A woman and her child walk along the 'Champs Elysees', the main street in the Zaatari refugee camp for Syrian refugees in Jordan / Photo by Russell Watkins/Department for International Development
A woman and her child walk along the ‘Champs Elysees’, the main street in the Zaatari refugee camp for Syrian refugees in Jordan / Photo by Russell Watkins/Department for International Development

Numerous studies suggest host countries would, on the whole, benefit from allowing refugees to work.

The flaw in the host countries’ thinking is that refugees are unable to become active participants in economic growth by creating jobs as business owners, providing goods and services to the local market, boosting exports, and increasing the overall wealth of the country.

However, refugees have proven to be incredibly dynamic and creative when given the opportunity. Many refugees have started their own businesses, even when the country’s laws make it virtually impossible to turn a profit, simply because they are desperate to use and develop their skills. Many refugees work informally (i.e., illegally, meaning, the government will not issue them a license or permit) either for themselves or for black market employers, which ironically has a worse effect on the availability of jobs for nationals than if the refugees were working in the formal (legal) labor market.

Many refugees have started their own businesses, even when the country’s laws make it virtually impossible to turn a profit, simply because they are desperate to use and develop their skills.

These refugees often have skills, talent, education, and work ethic that would be immense assets not only to themselves and their families, but to the countries hosting them, to their home countries, and to business owners, including international investors.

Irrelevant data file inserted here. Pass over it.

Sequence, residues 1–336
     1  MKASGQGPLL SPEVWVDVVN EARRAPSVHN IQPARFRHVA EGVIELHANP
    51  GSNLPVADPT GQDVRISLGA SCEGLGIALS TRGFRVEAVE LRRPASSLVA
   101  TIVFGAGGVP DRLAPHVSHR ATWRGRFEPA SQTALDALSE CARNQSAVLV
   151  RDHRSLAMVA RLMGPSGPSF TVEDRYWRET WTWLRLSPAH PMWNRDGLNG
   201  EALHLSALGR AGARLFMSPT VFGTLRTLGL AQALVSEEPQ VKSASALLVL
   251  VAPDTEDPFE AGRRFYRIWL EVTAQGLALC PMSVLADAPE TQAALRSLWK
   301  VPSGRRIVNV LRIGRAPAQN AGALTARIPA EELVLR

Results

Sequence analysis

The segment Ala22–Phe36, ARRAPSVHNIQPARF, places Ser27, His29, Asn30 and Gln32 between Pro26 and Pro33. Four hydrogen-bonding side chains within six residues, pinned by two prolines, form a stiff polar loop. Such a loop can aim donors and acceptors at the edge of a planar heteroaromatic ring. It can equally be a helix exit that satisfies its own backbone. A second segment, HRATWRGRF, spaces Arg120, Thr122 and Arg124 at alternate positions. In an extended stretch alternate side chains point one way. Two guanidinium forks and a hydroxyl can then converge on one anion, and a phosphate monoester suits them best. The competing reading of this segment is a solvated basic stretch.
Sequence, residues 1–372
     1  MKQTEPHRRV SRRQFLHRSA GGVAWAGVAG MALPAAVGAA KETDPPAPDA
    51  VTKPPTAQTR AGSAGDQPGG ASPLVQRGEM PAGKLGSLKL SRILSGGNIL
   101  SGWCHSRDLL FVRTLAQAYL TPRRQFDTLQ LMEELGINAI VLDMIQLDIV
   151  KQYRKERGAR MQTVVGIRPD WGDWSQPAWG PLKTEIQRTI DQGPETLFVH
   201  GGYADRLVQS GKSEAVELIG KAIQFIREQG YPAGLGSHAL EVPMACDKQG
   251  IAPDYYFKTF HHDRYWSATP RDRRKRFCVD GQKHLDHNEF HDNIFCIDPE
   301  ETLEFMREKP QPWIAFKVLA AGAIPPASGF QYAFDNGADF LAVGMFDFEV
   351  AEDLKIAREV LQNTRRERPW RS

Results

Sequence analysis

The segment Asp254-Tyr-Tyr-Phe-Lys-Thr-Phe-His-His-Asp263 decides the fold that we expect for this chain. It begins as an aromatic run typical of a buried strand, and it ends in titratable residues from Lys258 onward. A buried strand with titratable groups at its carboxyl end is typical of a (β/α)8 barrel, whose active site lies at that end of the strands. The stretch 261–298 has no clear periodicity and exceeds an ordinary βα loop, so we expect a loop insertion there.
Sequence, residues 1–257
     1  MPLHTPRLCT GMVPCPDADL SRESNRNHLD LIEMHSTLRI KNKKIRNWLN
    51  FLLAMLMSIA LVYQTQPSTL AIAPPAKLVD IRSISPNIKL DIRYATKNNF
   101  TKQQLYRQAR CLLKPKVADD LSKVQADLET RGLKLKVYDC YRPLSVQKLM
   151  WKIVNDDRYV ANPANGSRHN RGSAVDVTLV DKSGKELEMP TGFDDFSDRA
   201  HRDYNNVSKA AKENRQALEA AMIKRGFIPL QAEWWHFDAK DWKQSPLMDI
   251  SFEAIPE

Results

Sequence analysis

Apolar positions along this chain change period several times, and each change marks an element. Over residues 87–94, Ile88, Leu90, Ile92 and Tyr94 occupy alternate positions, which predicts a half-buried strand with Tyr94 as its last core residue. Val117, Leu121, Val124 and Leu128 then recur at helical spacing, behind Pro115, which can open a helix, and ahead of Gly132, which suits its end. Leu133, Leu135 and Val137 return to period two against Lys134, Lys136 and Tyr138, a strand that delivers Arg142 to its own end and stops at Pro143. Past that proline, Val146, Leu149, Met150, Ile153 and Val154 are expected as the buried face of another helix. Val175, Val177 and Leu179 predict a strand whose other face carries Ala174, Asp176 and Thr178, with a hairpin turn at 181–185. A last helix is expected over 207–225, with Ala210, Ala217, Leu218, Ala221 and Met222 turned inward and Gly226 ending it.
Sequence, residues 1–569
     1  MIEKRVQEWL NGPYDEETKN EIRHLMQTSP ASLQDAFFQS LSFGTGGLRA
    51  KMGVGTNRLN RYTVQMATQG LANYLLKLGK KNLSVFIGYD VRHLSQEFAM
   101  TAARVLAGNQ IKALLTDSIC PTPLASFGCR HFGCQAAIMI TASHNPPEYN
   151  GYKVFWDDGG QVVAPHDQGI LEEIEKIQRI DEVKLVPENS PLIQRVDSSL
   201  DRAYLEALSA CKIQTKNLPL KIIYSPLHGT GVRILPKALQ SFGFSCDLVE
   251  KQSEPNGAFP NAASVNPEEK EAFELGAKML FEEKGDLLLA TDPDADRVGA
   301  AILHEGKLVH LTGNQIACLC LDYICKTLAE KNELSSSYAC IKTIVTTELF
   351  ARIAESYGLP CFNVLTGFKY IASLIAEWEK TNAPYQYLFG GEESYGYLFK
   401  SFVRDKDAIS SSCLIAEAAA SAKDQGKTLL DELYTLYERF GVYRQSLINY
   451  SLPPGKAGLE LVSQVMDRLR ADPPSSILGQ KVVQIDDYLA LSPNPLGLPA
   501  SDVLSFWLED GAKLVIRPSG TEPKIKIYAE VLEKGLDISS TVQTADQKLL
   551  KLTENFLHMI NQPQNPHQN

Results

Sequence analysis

Very positive developments have occurred in recent years to give refugees more freedom:

The government of Turkey has independently developed a refugee camp program that provides more opportunities and better living conditions for refugees, including electricity, shipping containers (instead of tents) as homes, and economic activity, including three grocery stores and a few small businesses.

In the Zaatari camp in Jordan, refugees have developed an improvised city of 83,000 people, including electricity, markets, boulevards, and education for children.

Moreover in 2014 the UNHCR announced that it would be shifting away from promoting refugee camps. In its 2014 Policy on Alternatives to Camps, it explained:

“From the perspective of refugees, alternatives to camps means being able to exercise rights and freedoms, make meaningful choices regarding their lives and have the possibility to live with greater dignity, independence and normality as members of communities.”

A bakery at Al-Za'tari camp for Syrian refugees in Jordan / Photo by Mustafa Bader
A bakery at Zaatari camp for Syrian refugees in Jordan / Photo by Mustafa Bader

UNHCR stated that instead of camps, it would search for more durable solutions, such as methods of integrating people into the local population. While the announcement is a major, commendable step forward, convincing host governments to participate effectively in integration efforts will be very challenging politically and could take generations to achieve.

That means generations of refugees born into refugee camps and raised with few opportunities to discover or develop their capabilities or contribute to society in a meaningful way.

Clearly we need a practical, near-term solution based on political realities with achievable objectives to solve this problem.

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